Sweaters weren’t the only popular choice for men’s casual wear. Cardigans were also very popular when it came to 50s male fashion.

Many popular male actors from the period wore cardigans and they quickly became a common look for many men.

A wool button-up cardigan paired with a shirt was considered a very dabber look.

Usually, men of a younger age would stick to darker colours. But it wasn’t uncommon to see older men trying out brighter more adventurous patterns.

While cardigans are still worn today by men they aren’t really as popular as they used to be.

Many people view them to be women’s clothing, but a chunky cardigan was a very masculine look in the 50s.


Men’s accessories have always been behind women’s when it comes to fashion and this was no different in the 50s.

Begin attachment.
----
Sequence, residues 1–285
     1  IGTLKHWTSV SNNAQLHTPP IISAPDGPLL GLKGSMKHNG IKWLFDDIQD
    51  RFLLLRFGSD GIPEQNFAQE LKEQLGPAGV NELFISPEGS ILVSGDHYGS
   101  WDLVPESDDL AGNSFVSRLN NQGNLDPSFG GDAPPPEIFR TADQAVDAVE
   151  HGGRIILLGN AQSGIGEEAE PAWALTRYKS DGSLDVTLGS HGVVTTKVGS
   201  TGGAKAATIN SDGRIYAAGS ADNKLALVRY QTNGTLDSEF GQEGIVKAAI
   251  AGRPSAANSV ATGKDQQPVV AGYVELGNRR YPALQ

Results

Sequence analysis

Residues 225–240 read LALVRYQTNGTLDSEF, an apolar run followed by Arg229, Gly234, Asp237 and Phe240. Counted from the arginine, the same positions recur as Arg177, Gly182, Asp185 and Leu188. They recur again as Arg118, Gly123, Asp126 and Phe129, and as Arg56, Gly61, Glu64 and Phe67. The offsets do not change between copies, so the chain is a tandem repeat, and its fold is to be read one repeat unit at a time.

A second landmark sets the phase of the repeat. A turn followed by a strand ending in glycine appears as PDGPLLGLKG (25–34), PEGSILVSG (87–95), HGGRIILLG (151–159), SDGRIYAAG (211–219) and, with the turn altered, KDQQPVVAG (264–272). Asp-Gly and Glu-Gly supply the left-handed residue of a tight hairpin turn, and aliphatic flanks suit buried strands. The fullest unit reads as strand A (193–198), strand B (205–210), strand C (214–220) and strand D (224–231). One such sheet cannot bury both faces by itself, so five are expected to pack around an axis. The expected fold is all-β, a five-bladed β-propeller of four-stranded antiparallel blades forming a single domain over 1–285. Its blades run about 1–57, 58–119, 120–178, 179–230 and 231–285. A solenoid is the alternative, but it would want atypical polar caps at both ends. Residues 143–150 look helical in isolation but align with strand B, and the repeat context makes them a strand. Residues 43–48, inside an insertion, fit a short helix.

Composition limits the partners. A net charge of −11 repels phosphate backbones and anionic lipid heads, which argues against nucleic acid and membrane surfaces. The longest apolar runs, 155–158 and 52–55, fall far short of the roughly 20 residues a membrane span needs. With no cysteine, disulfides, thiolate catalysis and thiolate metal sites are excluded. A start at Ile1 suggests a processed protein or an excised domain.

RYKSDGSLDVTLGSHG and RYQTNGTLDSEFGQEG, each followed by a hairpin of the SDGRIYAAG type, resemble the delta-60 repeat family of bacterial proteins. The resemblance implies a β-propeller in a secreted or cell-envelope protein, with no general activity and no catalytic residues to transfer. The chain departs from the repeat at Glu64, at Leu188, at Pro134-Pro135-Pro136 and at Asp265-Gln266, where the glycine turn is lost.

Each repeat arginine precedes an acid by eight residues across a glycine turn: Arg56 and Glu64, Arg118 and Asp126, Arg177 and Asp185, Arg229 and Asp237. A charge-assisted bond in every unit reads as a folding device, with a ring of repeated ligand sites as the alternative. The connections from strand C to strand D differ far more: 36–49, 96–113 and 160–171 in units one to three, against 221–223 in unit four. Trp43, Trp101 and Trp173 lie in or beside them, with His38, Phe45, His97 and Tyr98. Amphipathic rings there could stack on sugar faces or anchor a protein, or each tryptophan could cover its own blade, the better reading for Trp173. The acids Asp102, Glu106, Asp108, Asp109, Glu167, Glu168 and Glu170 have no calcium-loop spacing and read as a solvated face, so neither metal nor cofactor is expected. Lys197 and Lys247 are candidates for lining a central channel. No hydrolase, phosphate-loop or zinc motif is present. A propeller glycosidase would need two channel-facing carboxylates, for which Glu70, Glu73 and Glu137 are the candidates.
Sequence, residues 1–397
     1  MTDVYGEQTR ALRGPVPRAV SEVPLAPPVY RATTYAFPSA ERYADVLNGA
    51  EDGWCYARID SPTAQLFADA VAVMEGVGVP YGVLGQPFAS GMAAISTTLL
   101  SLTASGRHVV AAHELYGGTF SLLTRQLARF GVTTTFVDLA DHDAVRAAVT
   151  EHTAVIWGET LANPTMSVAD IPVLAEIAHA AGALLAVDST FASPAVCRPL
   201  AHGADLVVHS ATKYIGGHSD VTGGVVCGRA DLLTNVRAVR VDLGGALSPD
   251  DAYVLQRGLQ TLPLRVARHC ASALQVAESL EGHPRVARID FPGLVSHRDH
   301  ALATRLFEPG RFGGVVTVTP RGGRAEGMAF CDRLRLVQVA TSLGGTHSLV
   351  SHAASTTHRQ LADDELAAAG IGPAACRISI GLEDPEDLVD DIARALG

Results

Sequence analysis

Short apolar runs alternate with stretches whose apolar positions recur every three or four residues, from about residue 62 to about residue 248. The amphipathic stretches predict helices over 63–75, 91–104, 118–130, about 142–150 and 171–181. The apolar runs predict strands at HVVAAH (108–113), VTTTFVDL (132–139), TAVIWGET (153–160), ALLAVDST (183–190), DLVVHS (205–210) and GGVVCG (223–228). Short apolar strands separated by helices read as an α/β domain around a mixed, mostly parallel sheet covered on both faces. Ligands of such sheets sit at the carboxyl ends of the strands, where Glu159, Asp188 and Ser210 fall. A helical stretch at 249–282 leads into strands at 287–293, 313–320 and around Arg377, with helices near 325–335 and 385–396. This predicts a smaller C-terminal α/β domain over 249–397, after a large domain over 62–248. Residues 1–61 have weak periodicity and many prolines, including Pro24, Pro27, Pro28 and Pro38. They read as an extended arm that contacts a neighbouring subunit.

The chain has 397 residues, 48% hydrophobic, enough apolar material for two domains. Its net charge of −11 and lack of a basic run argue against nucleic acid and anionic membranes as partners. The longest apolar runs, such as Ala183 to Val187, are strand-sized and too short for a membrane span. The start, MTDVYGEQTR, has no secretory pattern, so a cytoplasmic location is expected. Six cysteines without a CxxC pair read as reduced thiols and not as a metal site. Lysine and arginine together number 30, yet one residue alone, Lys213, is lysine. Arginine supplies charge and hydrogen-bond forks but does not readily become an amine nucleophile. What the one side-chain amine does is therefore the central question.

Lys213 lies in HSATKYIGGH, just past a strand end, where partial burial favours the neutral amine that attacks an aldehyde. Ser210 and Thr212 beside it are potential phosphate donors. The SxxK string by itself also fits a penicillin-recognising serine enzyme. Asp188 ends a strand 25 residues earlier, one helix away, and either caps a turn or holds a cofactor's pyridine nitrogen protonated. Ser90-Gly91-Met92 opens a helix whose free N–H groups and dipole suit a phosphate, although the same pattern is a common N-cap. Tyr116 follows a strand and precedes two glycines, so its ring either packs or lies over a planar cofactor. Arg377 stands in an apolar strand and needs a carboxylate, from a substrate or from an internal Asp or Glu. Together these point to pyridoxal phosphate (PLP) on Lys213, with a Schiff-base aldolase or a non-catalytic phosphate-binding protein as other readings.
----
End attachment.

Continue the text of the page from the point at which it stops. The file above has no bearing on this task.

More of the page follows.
However, this doesn’t mean there are no options for men to enjoy. In fact, hats were very popular during the 1950s for both casual and professional wear.

Now yes you probably know about the fedora but there was a lot more to 50s fashion than just these.

Panama and the traditional pork pie hat were both quite popular as well and they weren’t always dark either.

More colourful hats in a variety of different styles were often worn for casual day-to-day wear.

Even plain straw hats had their fans during the 50s although these were often worn by older men for Summer days out.

Another nice touch that was introduced around the 1950s was the printed hatband.

While these are still around these days they aren’t quite as popular although we do think they’ll be back in style sooner than you might think!

Hatbands, as their name implies, were bands that went around the hat. They were used to add an extra splash of colour to the hat.

This allowed men to personalize their hats in a number of different ways.

The 50s really was a time of revolution and evolution for men’s fashion. It’s also a much more relaxed and colourful period than many people think.

So, be bold and don’t be afraid to try something new.